Why does the Catholic Church have marriage tribunals?

The Catholic Church is committed to the teachings of Jesus Christ concerning marriage. It is also committed to manifesting the compassion of Jesus to those people whose marriages have failed. So the Catholic Church and its ministers are committed to be both "prophetic" (to teach what Jesus taught) and to be "pastoral" (to minister to those people whose marriages have ended in a civil divorce). Marriage courts are established to respond to requests that are made by those who have received a divorce to investigate whether or not their former marriage was validly established according to the church's understanding of marriage.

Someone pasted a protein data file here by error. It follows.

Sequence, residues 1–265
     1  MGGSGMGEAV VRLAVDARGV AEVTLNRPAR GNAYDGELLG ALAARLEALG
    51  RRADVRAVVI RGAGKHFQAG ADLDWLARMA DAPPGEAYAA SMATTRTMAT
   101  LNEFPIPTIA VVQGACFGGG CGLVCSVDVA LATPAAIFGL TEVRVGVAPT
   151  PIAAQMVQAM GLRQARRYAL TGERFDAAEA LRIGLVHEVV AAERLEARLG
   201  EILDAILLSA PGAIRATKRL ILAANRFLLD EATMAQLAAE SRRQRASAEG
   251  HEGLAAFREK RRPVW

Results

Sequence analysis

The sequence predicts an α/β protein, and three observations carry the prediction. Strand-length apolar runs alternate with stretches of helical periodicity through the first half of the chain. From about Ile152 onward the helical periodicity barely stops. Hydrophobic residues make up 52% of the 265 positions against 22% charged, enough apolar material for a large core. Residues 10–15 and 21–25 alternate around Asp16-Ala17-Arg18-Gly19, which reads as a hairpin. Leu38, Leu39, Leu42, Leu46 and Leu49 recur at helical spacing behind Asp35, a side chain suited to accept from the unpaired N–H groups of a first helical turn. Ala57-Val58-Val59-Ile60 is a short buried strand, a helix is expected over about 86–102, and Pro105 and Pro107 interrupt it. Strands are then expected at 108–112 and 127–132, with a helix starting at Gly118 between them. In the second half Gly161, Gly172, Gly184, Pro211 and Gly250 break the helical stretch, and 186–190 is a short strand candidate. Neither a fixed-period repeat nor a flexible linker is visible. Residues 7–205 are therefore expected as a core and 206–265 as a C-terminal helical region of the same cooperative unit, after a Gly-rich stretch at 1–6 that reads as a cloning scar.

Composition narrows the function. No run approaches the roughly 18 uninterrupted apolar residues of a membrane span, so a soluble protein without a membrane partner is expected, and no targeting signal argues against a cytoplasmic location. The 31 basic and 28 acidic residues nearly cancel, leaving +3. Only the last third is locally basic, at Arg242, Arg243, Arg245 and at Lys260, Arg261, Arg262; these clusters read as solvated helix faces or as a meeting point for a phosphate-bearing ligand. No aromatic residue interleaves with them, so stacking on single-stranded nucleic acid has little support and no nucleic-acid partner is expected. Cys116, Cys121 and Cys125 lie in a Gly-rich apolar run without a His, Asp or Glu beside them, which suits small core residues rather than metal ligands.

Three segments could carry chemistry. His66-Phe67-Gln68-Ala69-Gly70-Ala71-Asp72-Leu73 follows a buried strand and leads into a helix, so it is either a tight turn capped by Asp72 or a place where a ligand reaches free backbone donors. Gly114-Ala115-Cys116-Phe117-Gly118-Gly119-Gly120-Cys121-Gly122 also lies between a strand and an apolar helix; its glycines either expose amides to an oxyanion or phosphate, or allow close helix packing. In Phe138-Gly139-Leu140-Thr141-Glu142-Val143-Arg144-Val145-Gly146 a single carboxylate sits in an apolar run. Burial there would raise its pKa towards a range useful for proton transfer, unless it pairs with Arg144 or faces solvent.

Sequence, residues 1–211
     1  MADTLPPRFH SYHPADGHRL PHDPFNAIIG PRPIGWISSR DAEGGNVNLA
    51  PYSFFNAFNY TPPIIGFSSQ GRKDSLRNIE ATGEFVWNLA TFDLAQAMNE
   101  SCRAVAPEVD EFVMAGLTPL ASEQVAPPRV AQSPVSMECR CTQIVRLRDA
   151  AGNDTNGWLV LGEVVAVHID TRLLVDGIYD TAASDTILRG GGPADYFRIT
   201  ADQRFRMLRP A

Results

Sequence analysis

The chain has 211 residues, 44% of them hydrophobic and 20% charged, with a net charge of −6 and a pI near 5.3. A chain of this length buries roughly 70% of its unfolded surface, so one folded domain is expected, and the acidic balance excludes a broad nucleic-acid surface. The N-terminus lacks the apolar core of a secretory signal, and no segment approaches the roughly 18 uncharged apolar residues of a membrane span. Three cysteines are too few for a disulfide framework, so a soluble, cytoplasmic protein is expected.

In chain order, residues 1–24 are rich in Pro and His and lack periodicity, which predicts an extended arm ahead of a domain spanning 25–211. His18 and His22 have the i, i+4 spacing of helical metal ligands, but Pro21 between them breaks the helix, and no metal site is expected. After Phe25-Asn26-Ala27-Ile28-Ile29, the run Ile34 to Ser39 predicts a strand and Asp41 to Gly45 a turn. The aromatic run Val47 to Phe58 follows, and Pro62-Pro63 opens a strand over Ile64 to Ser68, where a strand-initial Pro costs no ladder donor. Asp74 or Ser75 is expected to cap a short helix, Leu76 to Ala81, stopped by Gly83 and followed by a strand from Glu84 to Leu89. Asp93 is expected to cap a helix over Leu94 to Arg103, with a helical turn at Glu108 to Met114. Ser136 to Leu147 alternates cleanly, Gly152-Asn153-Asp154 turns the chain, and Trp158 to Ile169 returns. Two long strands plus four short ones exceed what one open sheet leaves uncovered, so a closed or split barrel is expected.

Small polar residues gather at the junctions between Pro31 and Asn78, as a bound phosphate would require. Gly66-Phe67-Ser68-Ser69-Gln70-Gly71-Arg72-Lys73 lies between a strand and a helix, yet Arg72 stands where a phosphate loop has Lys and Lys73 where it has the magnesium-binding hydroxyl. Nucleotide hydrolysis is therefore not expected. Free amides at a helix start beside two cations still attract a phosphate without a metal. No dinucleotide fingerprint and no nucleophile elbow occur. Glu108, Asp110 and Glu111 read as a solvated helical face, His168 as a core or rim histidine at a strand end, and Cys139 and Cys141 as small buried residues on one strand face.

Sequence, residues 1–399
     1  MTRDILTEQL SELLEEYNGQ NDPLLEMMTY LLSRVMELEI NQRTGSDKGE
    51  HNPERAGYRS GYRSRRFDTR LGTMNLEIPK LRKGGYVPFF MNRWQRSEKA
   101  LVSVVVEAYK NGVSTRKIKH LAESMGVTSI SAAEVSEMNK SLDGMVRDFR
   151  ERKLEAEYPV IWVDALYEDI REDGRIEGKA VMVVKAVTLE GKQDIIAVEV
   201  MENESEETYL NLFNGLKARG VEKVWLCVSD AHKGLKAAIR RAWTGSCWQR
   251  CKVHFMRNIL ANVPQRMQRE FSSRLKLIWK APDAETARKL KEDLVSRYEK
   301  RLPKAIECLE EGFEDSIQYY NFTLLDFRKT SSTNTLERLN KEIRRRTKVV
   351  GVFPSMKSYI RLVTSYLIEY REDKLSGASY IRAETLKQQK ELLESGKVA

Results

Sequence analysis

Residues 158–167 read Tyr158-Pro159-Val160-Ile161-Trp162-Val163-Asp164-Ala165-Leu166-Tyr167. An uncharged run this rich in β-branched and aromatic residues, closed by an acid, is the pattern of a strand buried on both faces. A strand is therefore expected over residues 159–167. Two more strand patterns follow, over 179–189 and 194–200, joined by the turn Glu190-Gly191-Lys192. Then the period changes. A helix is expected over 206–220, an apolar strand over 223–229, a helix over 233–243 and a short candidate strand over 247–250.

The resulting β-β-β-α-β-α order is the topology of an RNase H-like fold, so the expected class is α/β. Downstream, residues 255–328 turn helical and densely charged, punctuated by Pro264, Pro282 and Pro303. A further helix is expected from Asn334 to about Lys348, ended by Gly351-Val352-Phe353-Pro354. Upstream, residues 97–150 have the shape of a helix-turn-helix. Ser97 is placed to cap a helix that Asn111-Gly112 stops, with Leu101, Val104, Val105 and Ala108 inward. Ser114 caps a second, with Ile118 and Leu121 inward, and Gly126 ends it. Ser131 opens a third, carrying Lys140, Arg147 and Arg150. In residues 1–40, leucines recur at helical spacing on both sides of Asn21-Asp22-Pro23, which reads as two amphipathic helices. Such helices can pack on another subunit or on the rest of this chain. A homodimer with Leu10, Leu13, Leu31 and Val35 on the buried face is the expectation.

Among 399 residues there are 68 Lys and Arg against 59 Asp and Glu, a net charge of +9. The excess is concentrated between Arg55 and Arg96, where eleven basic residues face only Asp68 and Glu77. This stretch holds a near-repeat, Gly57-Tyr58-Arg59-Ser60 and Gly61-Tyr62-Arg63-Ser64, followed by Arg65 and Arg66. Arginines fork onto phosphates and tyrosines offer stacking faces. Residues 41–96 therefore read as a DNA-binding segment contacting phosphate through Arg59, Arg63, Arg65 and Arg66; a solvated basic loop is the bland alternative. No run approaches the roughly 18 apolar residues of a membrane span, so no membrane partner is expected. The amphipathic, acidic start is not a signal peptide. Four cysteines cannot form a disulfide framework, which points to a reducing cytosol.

The people who work in the marriage tribunal look upon their effort as a healing ministry, an expression of the Church's compassion and concern for those whose marriages have ended. The Church has a system of courts to handle marriage nullity cases. Those who believe that their marriage was not validly established, have the right to petition a tribunal to look into their claim. The work of the Tribunal, for the most part, involves a process of reviewing and discerning the basis of such petitions.